While eating breakfast the next day at the café, we heard horrific stories about the recent Malden wildfire and met more new friends, including Rudy, a kind gentleman in his 90s. “I won two Emmys for a television program I produced,” he said. “I traveled back roads across the country, interviewing folks.” Moments later, he went to his truck and brought in his two (dusty) Emmy awards!
Learn more about Washington's section of the Great American Rail-Trail.
(Big) Bulls and Birds
After cycling on the T-Bone Trail in Iowa, named as such because farmers once rode with their steers to market on the former rail line, we arrived in Audubon. We first stopped to admire Albert, known as the world’s largest bull. He is 28 feet tall and made of 45 tons of concrete.
We cycled to the town center, which commemorates John James Audubon, the famous ornithologist, artist and painter. Here, we found statues of Audubon prominently displayed in the town square. Several of his “Birds of America” illustrations, replicated in ceramic tile by artist Clint Hansen, line the brick sidewalks.
Learn more about Iowa’s section of the Great American Rail-Trail.
Northern Pacific Railroad Depot Museum
On the eastern side of the Trail of the Coeur d’Alenes in Idaho, Wallace’s railroad history came alive for us at the Northern Pacific Railroad Depot Museum, which once served as home to employees of the Northern Pacific and Union Pacific railroads. We saw the railroad agent’s room, talked on a real telephone from 1908, and learned that men’s and women’s waiting rooms were separate because behaviors society attributed to men back then (e.g., smoking, profanity) were considered offensive to women. We also saw the only remaining flag from President Teddy Roosevelt’s visit to Wallace when he arrived on the Northern Pacific and left on the Union Pacific.
Learn more about Idaho’s section of the Great American Rail-Trail.
A Taste of Huckleberries
In Harrison, Idaho, we were introduced to the huckleberry, a round, purple tart fruit that grows at higher elevations. We purchased muffins from two women selling huckleberry products as a fundraiser. “Huckleberries were once everywhere in Idaho, growing after our forested lands had been clear-cut,” they shared, adding that since clear-cutting is no longer supported, there are now far fewer berries.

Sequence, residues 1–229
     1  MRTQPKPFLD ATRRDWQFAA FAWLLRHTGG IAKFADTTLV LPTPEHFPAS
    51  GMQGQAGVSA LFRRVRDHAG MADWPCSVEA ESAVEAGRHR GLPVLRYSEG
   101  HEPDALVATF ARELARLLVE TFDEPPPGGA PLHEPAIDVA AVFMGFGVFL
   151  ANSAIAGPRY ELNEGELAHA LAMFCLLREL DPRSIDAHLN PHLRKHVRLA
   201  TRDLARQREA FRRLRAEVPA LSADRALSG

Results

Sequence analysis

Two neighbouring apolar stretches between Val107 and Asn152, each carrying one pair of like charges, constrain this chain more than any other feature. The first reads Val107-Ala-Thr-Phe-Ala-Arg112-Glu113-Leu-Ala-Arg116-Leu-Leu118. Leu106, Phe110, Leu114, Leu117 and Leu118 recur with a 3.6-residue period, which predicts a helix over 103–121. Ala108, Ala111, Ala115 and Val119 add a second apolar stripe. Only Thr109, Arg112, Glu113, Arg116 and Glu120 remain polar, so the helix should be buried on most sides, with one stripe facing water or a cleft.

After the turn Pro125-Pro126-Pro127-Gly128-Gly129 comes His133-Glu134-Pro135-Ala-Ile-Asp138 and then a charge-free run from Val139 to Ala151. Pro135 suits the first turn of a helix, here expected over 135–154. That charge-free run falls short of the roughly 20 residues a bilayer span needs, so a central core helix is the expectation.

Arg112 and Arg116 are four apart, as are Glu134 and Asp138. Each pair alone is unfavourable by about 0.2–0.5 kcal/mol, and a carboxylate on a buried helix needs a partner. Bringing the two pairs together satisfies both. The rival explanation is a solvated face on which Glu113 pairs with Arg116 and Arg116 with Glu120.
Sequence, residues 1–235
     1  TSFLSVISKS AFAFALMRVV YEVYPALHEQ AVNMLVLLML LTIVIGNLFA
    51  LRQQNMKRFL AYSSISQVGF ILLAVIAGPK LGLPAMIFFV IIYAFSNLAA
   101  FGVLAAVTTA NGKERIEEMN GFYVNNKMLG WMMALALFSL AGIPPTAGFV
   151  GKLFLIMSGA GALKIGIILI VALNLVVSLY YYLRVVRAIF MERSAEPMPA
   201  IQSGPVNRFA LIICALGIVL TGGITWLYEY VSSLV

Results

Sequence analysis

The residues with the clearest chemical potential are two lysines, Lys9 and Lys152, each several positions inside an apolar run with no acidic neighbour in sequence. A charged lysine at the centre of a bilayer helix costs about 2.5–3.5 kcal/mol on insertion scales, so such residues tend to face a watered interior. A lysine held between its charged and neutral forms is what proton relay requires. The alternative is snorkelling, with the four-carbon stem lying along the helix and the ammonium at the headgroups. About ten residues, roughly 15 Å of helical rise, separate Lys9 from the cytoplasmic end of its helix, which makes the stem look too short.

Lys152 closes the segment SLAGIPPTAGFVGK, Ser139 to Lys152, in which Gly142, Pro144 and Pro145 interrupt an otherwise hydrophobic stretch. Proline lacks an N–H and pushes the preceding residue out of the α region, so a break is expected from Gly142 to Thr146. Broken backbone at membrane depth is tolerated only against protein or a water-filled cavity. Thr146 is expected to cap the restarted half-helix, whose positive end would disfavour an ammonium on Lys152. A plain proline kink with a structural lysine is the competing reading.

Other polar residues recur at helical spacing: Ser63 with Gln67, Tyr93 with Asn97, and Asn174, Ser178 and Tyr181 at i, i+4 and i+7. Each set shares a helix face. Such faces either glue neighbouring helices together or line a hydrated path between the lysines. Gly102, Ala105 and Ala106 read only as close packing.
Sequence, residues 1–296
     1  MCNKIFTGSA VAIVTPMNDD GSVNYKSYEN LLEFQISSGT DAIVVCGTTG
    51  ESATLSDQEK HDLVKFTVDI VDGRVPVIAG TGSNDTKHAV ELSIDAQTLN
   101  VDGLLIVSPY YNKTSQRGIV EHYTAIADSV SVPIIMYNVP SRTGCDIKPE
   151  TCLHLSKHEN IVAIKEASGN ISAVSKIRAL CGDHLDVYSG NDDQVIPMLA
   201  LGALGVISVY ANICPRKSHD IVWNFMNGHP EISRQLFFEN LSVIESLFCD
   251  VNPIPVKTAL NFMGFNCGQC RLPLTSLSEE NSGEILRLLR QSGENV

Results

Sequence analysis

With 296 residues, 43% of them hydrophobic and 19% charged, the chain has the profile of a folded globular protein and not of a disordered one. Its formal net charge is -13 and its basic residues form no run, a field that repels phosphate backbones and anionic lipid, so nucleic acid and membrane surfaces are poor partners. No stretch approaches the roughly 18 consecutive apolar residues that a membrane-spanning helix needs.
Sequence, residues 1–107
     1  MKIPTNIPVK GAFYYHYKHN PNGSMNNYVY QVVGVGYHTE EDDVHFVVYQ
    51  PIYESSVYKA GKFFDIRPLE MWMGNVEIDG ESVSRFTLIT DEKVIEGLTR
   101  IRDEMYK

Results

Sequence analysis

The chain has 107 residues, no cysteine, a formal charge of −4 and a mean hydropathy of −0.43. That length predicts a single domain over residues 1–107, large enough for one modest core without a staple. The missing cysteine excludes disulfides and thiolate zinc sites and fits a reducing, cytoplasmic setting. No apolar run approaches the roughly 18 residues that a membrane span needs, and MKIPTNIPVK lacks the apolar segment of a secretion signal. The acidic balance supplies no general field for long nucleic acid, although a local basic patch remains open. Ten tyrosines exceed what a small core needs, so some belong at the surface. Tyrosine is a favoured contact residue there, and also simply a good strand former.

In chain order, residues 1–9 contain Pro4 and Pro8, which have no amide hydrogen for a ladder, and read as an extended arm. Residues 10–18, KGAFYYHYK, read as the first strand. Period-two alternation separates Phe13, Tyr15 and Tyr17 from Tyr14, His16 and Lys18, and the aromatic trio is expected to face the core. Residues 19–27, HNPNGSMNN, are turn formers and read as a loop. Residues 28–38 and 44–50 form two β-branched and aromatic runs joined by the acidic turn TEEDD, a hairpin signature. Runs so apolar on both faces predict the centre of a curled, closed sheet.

South Cle Elum Depot
At the South Cle Elum Depot in Washington, one of three crew-changing stations on the former Milwaukee Road, we uncovered more railroad history. After dining outdoors in the mid-day sun on smoked pork ribs and cornbread from the depot’s restaurant, we walked through the former railroad yard, reading interpretive signs and admiring the former residences of the crew and substation operators.
The Constellation of Starke, the Prairie Trails Club and the Hoosier Valley Railroad Museum have added a unique feature to the North Judson Erie Trail in Indiana. It was intriguing as we cycled to find our solar system on signage that has been set up in scale, to the actual planets’ sizes and distances between them, as they are separated in outer space.
Learn more about Indiana’s section of the Great American Rail-Trail.
Riding Through History
This 90-mile trail follows the route of a historical canal, constructed in the 1820s, where mules towed barges on the Ohio River from Portsmouth to Cleveland. We cycled past several former locks, had lunch in the historic town of Bolivar and traveled through the site of Fort Laurens, the only Revolutionary War fort located in what would become the state of Ohio.
We arrived in Washington, D.C., at the U.S. Capitol eager for a photo to commemorate our accomplishment. We asked a tall young man dressed in yellow shorts and blue running shoes if he would take our picture. “Where are you from?” we asked. “Moscow,” he answered. As we wrapped up our journey, we reflected on the diversity of the Great American—a route that truly unites all of us.